As for the point about the consent of the 'clone,' I again refer to my earlier point relating to wrong birth/life specifically how it is not possible to compare a person/clone from one a situation of non existence.
5) Religious Argument
I never really understood the phrase 'playing God.' Does it mean controlling life and death? Doctors when saving people do affect death and fertility treatment affects life/birth. In fact it can be reconciled. The spark of life is still started by God but cloning is an example of free will. Or another analogy God and evolution is not incompatible since it is God which started the spark and evolution or even God directed evolution that lead the way. What is to say that it is not God who is working through the hands of the cloning scientist to offer infertile people the gift of a precious child from God? After all God is suppose to be omnipotent. Maybe he first made the couple infertile so that after they go through the trials (like Job?) they would greatly treasure their precious gift of the child even more. After all, remember the phrase it is all part of the plan?
6) Unique individuals / Genetic diversity
Identical twins are already genetically similar. Furthermore as pointed out earlier genes only play a part in determining the character of a person, environment plays another part.
There is on possible danger of a fall in genetic diversity. But it is not probable as cloning even if it becomes as accepted as in vitro fertilization would play a small role. The bulk of reproduction would be done through natural means simply because it is cheaper and more enjoyable. And besides if the infertile person could not have a child then cloning would not destroy diversity but allow that particular set of gene to carry on.
7) Some other stuff which I cannot lump into any category
Article 11: Universal Declaration on the Human Genome and Human Rights 1997: Practices which are contrary to human dignity, such as reproductive cloning of human beings shall not be permitted.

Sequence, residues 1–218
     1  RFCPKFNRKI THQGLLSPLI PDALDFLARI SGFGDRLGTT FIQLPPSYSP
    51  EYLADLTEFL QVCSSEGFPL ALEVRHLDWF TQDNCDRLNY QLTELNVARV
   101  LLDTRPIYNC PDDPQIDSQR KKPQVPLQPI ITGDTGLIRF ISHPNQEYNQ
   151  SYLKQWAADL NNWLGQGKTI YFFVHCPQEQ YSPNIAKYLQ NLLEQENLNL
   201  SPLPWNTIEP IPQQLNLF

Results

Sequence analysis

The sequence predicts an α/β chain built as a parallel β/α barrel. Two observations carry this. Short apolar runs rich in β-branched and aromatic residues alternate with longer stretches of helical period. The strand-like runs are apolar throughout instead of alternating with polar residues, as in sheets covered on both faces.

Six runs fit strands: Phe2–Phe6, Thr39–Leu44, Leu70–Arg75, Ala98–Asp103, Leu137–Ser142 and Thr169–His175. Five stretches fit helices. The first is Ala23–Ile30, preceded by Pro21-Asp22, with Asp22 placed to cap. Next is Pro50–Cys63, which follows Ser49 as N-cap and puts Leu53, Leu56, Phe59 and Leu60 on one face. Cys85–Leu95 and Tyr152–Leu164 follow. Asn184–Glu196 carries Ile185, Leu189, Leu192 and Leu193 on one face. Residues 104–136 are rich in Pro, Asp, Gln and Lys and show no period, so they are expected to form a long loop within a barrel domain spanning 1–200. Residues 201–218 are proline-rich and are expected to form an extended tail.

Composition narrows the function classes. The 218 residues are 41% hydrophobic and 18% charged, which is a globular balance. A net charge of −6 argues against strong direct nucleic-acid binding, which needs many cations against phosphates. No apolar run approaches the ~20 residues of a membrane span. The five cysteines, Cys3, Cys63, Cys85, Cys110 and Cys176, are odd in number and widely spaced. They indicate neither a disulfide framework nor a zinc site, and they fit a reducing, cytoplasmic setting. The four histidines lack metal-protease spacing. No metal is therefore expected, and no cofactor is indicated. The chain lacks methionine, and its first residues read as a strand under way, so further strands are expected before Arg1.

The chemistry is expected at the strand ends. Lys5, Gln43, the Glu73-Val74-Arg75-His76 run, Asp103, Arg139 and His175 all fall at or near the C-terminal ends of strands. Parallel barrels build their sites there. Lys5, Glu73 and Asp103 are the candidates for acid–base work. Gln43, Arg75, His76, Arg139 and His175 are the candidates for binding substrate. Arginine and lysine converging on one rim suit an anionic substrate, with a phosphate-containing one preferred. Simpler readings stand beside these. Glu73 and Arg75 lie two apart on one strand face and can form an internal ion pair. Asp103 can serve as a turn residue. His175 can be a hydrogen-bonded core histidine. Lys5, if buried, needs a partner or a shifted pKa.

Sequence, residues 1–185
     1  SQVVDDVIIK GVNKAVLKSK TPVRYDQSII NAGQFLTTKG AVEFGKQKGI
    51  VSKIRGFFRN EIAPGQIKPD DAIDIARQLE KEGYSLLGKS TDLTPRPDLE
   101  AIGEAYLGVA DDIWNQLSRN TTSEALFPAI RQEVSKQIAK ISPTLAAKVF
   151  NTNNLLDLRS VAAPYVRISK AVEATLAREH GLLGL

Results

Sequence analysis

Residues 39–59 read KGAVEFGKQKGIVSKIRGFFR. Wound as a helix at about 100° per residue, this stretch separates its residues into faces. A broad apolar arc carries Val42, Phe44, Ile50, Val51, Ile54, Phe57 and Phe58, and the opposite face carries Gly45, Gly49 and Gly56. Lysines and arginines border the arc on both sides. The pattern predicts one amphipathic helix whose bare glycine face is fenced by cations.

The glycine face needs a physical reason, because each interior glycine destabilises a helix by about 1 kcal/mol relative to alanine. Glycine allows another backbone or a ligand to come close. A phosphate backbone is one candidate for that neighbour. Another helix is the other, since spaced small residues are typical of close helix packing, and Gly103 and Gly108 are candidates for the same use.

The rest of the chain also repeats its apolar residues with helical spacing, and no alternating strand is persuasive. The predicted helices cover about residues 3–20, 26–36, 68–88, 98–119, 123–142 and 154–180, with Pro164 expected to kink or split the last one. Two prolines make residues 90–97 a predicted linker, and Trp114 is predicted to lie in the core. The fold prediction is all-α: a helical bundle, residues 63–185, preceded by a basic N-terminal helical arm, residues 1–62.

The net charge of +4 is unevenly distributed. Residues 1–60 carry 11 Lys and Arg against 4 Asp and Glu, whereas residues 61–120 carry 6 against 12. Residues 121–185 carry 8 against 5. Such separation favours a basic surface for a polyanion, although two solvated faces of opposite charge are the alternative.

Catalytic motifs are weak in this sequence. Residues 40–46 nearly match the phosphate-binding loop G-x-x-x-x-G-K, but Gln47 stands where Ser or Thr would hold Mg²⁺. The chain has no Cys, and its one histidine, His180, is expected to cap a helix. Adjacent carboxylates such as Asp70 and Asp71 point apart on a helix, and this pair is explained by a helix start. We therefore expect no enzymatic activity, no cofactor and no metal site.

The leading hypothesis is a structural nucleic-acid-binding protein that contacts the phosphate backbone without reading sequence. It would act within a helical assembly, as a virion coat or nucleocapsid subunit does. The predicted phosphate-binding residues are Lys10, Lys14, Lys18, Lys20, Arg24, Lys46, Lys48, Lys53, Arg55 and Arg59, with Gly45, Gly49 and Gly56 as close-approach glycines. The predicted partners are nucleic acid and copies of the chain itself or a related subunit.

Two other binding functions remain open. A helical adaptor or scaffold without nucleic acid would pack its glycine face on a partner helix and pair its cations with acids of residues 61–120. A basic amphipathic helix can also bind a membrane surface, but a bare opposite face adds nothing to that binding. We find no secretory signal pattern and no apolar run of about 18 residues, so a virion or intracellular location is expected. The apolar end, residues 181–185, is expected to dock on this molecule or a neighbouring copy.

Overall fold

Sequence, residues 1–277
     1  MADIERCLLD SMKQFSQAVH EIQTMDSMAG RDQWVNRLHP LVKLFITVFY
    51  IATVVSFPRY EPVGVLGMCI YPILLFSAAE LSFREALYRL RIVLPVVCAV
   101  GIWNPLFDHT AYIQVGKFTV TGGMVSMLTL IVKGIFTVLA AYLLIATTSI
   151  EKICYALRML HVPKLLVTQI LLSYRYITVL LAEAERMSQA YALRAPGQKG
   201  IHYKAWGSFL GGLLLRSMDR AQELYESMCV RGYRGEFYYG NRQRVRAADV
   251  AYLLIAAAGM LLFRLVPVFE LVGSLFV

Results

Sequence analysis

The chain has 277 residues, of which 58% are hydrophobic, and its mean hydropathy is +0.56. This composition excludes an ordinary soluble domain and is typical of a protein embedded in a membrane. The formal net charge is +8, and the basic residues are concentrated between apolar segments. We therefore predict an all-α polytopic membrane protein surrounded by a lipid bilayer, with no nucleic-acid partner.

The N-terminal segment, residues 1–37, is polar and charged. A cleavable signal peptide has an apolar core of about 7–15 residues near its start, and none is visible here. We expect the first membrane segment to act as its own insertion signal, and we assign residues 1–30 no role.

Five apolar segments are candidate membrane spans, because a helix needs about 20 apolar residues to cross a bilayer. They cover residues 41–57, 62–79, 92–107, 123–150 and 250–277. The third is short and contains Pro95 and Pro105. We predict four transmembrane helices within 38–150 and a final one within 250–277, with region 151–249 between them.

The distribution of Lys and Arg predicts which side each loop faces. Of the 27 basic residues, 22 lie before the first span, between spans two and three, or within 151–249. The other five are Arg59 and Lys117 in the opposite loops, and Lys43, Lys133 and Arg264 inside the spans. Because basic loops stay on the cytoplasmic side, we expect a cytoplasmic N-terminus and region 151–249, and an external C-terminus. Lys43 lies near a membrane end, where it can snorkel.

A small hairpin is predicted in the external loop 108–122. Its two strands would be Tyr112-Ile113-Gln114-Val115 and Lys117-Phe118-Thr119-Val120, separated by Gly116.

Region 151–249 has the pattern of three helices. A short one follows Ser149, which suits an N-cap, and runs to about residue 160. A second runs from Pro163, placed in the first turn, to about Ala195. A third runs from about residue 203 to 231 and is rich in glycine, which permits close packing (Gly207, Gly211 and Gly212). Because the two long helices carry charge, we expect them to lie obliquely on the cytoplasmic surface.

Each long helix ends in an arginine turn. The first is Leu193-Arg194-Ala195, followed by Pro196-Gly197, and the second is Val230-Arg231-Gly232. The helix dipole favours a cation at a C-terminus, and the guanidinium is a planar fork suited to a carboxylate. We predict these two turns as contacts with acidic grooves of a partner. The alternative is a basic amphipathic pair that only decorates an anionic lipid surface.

The question is of course is such a definition on human dignity based on a Judeo-Christian / Western analysis. Note that while I mention Judeo-Christian I am not referring specifically to religion per se since there are many people in the West who subsribe to Judeo Christian thought because of the way they are brought up and the society they live in. Population based polls have shown that people from the West or those whose religion is Christianity/Catholic based are more likely than people from the East to be against all form of cloning. Further studies are needed but the question is whether if it is indeed based on a Judeo-Christian belief, would a world ban on cloning be seen as another form of imperialism?
Currently you are seeing lots of research money and jobs being moved to Asia. So you have to wonder whether the rejection of cloning (therapeutic) is a notion that is more prevalent in the West than the East?
Bush approved a group of stem-cells 60 that can be used if one seeks federal funding. These stem-cells were the initial few created. One possible problem could be lack of diversity. 48 of those lines are harvested from society where the population is predominantly white and the remaining 12 from Singapore. The fear is that if one develops useful medical advances from the stem cell, would their utility be limited to certain racial groups?
One must be cautious and not throw out the baby with the dirty water so as to speak and reject all form of cloning because one thinks that cloning always refers to reproductive cloning. And secondly just because it is a clone human does not mean that all current laws do not apply to them.